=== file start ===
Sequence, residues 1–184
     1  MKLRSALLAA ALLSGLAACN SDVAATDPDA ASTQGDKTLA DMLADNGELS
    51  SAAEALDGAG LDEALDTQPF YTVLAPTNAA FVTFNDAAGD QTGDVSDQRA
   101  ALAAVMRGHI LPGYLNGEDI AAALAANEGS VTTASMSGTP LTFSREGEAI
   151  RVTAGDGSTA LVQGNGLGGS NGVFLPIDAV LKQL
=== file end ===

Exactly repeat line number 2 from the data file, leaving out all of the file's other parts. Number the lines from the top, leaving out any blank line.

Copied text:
     1  MKLRSALLAA ALLSGLAACN SDVAATDPDA ASTQGDKTLA DMLADNGELS